Legitimate Ends of Government

Thinkers such as Hobbes believed that when men entered civil society they relinquished their natural rights entirely and instead relied upon the positively enacted human law of their new sovereign. Locke, on the other hand, believed that only one right was relinquished, the right to enact the law of nature which was now replaced with a system of law.

The Lockean account of human nature depicts humans as natural bargainers who are always attempting to maximize their own situation. By this logic, no one would ever voluntarily enter civil society if it did not benefit them. Therefore “for no rational creature can be supposed to change his condition with an intention to be worse.” Natural law provides the yardstick with which we measure the effectiveness of government; if our life, liberty, and property remain unmolested, then the state is pursuing its legitimate ends. The law is not in conflict with freedom because, in fact, Locke believed that the “end of law is not to abolish or restrain, but to preserve and enlarge freedom.”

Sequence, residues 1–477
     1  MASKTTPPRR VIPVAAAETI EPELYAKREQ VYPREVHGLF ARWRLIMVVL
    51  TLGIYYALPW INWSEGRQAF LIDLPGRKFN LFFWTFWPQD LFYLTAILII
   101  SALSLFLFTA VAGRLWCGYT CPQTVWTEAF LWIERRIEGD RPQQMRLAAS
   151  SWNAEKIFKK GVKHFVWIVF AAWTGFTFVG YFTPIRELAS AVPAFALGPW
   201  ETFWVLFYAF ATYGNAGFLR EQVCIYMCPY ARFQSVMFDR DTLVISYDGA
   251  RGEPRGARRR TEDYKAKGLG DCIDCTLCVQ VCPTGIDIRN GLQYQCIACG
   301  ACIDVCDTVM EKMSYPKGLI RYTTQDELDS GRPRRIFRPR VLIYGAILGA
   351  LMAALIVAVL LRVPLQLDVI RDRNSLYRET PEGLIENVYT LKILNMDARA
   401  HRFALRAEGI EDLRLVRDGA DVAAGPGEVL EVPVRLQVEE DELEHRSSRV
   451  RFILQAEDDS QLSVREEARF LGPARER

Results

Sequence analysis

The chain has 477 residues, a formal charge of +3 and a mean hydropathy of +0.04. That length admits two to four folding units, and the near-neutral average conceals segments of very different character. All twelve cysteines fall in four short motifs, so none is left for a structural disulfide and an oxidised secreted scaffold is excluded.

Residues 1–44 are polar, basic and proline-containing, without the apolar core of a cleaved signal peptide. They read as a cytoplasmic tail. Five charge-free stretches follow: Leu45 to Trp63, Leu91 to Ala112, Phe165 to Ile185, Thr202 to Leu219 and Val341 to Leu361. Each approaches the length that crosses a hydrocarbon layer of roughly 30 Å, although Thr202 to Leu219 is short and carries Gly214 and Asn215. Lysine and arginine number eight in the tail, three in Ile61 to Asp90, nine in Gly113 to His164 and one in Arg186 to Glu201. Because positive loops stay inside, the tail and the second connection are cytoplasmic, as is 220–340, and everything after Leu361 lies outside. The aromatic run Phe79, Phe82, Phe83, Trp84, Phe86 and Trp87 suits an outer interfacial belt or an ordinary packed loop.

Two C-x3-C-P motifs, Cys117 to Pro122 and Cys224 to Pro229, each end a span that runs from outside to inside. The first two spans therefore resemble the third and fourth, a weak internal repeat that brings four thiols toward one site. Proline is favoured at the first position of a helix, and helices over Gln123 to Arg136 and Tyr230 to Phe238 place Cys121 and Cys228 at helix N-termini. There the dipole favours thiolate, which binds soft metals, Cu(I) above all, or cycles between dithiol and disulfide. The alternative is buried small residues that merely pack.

Essential for Locke is that whatever government the people may choose to establish, all people are bound by the laws it promulgates; whether you are a peasant, a noble, or a king, the law binds all equally. If people in power exempt themselves from obeying laws, they will begin to act only for their own private advantage as opposed to acting for the common good, which is the only legitimate goal of political authority. Universality is always to be upheld, and particularity always to be shunned. For Locke, “Wherever Law ends, Tyranny begins.” Locke is a strict constitutionalist in this regard, expecting well‐​established rules to govern the governors as well as the governed.